The vaccination campaign against Covid-19 has begun in some countries since the end of December. The authorities want to start by vaccinating the part of the population that is the most at risk then, should follow the rest. In all this bustle, a real debate emerged: vaccinating or not pregnant and breastfeeding women.
In most countries, pregnant women cannot be vaccinated even if they are considered fragile in their 3rd trimester. The case of breastfeeding women is more complicated, in some countries they have been allowed, and in others, they have not.
Initially, in countries like France and the UK, local authorities stated that women who nurse have to wait until the end of their breastfeeding to be vaccinated reported the Guardian.
These women would have to choose between breastfeeding their children and the vaccine.
“Government guidelines and news headlines alike have grouped those who are breastfeeding and pregnant together when talking about COVID vaccine safety. But as people try to make their own decisions without safety data, it might help to acknowledge that getting vaccinated during pregnancy and lactation carry different theoretical risks — and potential benefits.
Christina Chambers, a perinatal epidemiologist, and professor of pediatrics at the University of California, San Diego, said it’s never a good idea to lump together pregnancy and breastfeeding when asking whether something is harmful. Some drugs that are risky in pregnancy are also avoided by people who are breastfeeding, even when they’re perfectly safe for a nursing baby.” PBS.org
Why could breastfeeding women not be vaccinated?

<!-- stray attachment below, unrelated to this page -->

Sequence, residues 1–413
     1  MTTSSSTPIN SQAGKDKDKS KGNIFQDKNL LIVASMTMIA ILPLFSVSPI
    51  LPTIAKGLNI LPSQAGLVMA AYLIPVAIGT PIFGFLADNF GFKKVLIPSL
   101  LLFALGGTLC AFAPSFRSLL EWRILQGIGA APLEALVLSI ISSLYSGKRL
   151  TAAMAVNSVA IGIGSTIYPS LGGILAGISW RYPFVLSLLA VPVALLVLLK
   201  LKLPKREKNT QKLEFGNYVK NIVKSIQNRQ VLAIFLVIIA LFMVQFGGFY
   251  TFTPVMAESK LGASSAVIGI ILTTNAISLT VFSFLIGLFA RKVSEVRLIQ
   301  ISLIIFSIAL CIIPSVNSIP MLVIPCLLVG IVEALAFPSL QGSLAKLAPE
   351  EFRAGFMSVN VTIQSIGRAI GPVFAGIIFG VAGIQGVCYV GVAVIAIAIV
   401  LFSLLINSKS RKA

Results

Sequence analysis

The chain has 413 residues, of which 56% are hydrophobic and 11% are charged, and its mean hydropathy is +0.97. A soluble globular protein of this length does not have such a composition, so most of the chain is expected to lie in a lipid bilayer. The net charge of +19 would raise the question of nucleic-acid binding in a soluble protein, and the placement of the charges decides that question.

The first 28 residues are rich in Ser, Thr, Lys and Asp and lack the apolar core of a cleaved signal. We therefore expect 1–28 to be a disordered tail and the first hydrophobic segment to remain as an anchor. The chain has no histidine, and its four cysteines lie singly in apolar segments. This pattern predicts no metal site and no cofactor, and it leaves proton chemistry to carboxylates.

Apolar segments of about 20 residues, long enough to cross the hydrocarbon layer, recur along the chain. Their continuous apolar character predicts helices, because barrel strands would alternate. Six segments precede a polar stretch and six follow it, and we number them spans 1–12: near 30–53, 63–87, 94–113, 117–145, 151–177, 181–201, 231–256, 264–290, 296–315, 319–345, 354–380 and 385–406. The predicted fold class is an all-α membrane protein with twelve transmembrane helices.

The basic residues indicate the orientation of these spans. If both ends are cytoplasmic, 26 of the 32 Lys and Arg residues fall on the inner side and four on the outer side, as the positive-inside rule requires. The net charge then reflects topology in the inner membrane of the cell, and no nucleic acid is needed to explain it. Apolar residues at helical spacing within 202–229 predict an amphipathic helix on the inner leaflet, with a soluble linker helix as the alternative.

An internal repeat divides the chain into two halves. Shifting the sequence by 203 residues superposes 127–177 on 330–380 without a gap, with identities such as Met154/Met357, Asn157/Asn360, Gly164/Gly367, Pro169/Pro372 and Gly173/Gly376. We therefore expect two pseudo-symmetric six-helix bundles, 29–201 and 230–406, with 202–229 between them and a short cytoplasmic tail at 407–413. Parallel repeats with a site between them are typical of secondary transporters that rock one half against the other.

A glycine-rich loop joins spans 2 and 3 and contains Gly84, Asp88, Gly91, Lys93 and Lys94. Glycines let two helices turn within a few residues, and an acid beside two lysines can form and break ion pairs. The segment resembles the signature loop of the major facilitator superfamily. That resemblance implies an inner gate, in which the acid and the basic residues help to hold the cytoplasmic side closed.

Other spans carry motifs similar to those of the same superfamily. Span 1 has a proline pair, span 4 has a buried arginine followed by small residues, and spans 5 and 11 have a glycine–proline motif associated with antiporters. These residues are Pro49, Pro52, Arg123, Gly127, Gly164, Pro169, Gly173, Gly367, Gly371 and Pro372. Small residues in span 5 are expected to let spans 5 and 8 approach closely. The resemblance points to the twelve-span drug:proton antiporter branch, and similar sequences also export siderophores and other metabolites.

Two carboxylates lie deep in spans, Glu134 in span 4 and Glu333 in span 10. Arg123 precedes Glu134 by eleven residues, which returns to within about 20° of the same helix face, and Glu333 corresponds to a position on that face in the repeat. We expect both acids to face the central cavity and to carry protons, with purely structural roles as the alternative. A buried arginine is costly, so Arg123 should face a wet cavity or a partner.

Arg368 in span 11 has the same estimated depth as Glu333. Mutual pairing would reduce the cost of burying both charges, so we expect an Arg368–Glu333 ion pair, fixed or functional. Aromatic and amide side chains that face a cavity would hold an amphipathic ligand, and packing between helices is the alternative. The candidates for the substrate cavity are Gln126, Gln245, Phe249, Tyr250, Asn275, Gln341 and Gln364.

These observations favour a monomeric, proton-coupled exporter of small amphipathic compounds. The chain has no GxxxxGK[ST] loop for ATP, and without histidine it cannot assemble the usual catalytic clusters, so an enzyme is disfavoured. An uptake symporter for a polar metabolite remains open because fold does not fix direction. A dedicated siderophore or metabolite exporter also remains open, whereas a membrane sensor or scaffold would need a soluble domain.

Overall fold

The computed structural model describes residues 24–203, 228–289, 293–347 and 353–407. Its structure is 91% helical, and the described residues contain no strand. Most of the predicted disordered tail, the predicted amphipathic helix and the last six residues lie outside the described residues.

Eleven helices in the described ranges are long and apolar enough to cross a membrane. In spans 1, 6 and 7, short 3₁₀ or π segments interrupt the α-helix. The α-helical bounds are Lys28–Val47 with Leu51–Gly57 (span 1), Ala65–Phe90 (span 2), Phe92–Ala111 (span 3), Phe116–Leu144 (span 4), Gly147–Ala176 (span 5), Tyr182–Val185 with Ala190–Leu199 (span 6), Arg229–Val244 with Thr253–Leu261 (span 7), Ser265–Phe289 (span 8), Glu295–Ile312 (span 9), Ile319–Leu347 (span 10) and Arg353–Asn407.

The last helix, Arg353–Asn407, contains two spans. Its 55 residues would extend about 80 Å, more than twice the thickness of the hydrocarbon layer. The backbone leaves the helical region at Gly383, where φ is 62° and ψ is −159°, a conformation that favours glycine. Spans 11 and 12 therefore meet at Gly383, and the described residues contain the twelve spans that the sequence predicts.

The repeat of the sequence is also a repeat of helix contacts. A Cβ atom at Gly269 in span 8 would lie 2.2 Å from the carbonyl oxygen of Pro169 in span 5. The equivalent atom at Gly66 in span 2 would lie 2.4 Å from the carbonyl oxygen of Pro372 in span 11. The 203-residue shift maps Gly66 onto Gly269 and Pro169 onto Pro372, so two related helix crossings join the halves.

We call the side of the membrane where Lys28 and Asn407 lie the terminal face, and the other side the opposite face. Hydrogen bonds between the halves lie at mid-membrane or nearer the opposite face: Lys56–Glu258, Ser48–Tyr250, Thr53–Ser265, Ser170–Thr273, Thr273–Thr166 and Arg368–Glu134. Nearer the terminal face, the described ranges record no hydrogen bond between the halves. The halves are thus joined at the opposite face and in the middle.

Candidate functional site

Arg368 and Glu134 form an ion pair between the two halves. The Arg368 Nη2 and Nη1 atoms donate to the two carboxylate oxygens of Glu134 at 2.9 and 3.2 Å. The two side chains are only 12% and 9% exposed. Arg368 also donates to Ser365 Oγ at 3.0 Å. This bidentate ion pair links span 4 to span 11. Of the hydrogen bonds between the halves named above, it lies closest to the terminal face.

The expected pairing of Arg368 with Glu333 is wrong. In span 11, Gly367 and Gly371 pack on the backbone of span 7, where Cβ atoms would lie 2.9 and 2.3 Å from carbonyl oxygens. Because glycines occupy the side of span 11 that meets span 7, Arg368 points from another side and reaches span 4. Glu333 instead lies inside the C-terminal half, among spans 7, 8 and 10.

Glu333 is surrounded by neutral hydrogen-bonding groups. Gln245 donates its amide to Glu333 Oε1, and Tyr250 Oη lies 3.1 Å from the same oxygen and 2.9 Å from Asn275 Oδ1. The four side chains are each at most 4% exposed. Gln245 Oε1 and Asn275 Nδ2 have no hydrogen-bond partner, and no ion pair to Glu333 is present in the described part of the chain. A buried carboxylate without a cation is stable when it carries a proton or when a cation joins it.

The Haute Autorité de Santé declared “the excretion amount in the maternal milk is not known to this day, thus, it is not recommended to be vaccinated during breastfeeding”.
Indeed, a nonclinical trial has not been done yet on breastfeeding women.
Chambers said vaccines in general, especially those like the COVID vaccines that contain no live virus, are unlikely to harm a fetus or a nursing baby. “But they do raise some kind of different issues” in those who are pregnant or breastfeeding, she added.
Some of those issues pertain to the way vaccines work in general — by causing an immune response. Could triggering an immune response during the first weeks of pregnancy increase the risk of miscarriage? If they have an anaphylactic reaction or a high fever in response to the shot, could it affect the baby in any way? These are the kinds of questions that researchers will try to answer in future clinical trials.
Yet with breastfeeding, those concerns don’t apply. The main question is whether a dangerous amount of a substance gets filtered into a mother’s milk. For most drugs, Chambers said, “There’s so little that gets to the baby that there’s really very little theoretical risk.”
Even if a drug or vaccine does end up in breastmilk, its journey into the baby isn’t done. “Anything that goes through breastmilk also then has to go through a gut,” said Helen Hare, a junior doctor in acute medicine in Edinburgh, Scotland. “ Pbs.org
Doctor Hannah Barham Brown told the Guardian "the vaccine is our best defense against the covid-19. Deciding without any proof that some women cannot be vaccinated is irresponsible". The American authority recently affirmed that breastfeeding was not a contraindication of the vaccination. Leaning on all of this information and also because there were umpteen complaints from mamas, doctors, associations, the UK Medicines and Healthcare Products Regulatory Agency decided to let breastfeeding women be vaccinated following the example of Spain and the USA.
In France, as a nursing mama, if you belong to a group that is the most at risk such as caregivers, the vaccine can be offered to you and the OMS does not recommend stopping breastfeeding after the vaccination.
If you could, would you choose to be vaccinated as a breastfeeding mama?